Pasadena Health and Wellness Program for Addiction Recovery
Addiction often entails serious consequences above and beyond merely misuse of substances. That’s why we incorporate health and wellness practices into all our addiction recovery programming at our Pasadena treatment center: it can teach you how to care for yourself and your symptoms, change your physiology through intentional practice, and ease the burdens that substance use disorders place upon the mind. Through proper nutrition, meditation, grounding practices, breath work, and trauma-informed yoga, you can return to holistic health at Annandale Behavioral Health.
One of the unfortunate side effects of addiction is a tendency towards malnutrition and poor eating habits. Over the course of a substance use disorder, multiple factors contribute to these patterns: money is often allocated to drugs or paraphernalia over food, time that could be spent preparing healthy meals is instead allocated to the pursuit of substances, and many drugs lead to a suppression of a healthy appetite or an influx of empty calories.
In addition, serious health consequences such as liver disease, cirrhosis, cardiovascular disease, and diabetes have all been linked to substance use disorders. Many of these complications can be reversed with adequate nutrition and targeted meal planning, and intractable diseases can see some of their symptoms relieved.
Regardless of whether your substance use has contributed to metabolic disease, nutritional deficiencies that are common in people with substance use disorders can create substantial barriers to recovery. Several recent publications have shown that the gut-brain connection plays a large role in our emotional wellbeing, and disruptions in gut health are associated with an increased risk of anxiety or depression.
To treat nutritional deficiencies and improve holistic health, our treatment center provides a private chef and extensive nutritional education. Our culinary staff provides balanced and healthy nutrition plans to set you on the right track, while our nutritional education leaves you better prepared to manage your gut health after leaving our care.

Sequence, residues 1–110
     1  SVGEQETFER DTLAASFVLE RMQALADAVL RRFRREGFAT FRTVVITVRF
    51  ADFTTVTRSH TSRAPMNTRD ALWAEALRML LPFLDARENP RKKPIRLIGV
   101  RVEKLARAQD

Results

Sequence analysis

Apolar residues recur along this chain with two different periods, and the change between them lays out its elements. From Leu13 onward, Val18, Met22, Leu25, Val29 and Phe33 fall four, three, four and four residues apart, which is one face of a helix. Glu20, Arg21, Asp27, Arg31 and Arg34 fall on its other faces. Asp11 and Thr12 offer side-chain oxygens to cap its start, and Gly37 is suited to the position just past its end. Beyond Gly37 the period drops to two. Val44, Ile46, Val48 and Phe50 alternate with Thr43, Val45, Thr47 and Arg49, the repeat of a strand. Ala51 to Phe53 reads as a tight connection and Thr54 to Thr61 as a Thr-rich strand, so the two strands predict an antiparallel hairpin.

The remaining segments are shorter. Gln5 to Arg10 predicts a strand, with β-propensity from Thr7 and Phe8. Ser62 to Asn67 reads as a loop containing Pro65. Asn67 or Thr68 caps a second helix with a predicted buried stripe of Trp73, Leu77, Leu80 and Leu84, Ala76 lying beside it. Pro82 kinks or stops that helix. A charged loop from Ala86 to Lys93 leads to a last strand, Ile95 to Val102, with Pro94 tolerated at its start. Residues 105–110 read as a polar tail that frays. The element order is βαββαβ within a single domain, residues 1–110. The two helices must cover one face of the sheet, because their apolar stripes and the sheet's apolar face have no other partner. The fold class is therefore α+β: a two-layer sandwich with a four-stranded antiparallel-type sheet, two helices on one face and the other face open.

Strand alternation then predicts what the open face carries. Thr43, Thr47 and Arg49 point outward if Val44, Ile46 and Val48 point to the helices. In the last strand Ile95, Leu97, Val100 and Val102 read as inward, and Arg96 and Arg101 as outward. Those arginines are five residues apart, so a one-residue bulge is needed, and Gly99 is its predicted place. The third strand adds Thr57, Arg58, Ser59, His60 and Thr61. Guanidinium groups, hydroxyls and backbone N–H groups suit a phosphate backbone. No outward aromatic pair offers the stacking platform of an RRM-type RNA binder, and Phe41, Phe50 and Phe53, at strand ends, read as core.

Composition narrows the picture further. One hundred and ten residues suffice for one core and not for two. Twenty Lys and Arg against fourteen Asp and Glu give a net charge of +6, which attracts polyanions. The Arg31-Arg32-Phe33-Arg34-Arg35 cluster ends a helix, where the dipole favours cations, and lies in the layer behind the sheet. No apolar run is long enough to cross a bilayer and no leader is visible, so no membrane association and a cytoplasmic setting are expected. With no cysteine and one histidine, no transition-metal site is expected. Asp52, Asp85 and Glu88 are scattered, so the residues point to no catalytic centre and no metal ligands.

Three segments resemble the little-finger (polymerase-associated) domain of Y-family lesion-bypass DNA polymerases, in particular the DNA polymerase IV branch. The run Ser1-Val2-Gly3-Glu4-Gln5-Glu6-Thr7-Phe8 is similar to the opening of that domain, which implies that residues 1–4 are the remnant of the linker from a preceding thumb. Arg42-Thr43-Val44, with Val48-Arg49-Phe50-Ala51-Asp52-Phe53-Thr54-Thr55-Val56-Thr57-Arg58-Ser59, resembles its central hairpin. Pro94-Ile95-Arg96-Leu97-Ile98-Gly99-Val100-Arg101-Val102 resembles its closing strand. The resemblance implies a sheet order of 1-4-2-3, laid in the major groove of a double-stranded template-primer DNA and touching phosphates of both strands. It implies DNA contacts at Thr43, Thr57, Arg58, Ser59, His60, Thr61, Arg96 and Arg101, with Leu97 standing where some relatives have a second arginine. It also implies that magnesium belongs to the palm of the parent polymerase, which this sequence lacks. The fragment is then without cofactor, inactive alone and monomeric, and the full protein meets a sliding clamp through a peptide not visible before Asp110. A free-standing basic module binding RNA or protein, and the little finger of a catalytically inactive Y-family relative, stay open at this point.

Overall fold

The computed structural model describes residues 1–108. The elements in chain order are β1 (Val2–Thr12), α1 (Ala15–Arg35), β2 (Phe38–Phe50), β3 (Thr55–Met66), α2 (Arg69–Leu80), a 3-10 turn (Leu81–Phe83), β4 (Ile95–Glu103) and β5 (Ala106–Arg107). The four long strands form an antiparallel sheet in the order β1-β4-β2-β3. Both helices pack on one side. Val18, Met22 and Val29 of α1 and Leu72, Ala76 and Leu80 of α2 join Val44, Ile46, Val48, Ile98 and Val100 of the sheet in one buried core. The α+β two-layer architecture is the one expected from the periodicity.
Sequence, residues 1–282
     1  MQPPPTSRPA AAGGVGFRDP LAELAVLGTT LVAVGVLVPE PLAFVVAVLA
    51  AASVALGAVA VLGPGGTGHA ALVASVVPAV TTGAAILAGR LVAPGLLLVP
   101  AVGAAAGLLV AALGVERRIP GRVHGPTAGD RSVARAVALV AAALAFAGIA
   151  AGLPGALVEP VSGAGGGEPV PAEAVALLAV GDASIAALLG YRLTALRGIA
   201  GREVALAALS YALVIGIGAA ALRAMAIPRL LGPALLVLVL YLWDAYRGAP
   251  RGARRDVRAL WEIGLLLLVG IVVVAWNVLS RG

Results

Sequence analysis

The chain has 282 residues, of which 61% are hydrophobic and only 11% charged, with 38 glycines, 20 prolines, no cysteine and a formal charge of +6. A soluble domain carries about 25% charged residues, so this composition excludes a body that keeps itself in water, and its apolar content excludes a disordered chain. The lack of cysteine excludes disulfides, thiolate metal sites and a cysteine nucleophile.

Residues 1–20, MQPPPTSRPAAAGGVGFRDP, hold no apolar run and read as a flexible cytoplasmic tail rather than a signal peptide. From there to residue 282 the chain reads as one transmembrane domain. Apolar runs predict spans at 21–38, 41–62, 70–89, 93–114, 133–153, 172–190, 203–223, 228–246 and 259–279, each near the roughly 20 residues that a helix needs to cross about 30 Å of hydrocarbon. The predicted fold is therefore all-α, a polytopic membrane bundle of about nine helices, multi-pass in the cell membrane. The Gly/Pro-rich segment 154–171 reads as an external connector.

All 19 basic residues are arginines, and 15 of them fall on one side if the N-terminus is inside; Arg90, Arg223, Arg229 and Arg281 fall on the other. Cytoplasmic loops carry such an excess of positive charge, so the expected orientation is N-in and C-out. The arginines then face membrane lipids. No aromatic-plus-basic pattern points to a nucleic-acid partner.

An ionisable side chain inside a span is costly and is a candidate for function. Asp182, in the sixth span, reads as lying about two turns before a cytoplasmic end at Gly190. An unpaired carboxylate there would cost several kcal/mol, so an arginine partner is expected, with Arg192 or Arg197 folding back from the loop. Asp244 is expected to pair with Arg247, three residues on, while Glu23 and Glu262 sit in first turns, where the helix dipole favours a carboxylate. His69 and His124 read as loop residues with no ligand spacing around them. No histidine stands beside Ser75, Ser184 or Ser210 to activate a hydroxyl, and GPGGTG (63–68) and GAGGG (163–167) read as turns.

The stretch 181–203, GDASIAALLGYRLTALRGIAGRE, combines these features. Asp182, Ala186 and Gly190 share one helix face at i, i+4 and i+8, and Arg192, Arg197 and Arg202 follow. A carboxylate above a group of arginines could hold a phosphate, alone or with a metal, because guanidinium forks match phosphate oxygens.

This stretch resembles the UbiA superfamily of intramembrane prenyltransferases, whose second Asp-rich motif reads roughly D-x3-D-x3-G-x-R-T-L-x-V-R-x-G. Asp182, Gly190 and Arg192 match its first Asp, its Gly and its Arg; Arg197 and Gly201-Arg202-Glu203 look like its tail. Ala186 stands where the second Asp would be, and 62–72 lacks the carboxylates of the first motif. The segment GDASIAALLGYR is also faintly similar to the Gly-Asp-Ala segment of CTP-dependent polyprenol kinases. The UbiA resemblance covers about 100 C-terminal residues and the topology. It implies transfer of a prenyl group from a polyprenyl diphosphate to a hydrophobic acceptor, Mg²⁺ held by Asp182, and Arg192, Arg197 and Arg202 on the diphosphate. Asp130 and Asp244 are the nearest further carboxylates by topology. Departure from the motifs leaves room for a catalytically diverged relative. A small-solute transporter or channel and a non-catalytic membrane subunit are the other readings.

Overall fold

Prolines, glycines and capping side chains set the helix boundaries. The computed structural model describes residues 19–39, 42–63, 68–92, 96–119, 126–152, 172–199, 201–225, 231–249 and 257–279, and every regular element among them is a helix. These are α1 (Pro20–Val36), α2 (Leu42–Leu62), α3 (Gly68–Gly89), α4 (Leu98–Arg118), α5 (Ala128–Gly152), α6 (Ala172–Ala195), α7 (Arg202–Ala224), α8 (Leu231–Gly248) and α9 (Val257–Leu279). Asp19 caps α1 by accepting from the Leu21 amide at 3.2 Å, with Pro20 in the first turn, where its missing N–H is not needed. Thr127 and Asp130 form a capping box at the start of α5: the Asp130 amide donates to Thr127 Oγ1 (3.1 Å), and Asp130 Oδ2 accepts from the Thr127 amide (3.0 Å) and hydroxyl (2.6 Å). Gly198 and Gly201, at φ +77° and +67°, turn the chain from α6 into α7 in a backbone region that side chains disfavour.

Meditation practice can be immensely beneficial for addiction recovery. Several clinical studies have shown that mindfulness practices can:
- Reduce cravings
- Improve treatment outcomes when combined with standard addiction treatment
- Reduce stress and anxiety
- Foster a greater sense of emotional wellbeing
These incredible benefits are why we include meditation as a core part of our health and wellness program.
The formal meditation practice involves sitting quietly and examining the contents of your mind. In this context, you can learn that thoughts and impulses don’t necessarily demand your immediate response. Instead, you can simply let them go and return to a meditative state.
With enough formal practice, meditation can result in substantial changes in your thought process throughout the day. Intrusive or self-deprecating thoughts can be dismissed as transient and not requiring your attention or action. Psychologists theorize that through this awareness, people become less likely to act on cravings or impulses to return to active substance use.
Grounding work refers to a set of exercises that allow you to exert power over a racing mind by getting in touch with your body. People recovering from substance use disorder are often bombarded with intrusive thoughts and cravings that compel them to return to active addiction. Left unchecked, even those with the strongest willpower can eventually cave to the overwhelming pressure of these thoughts.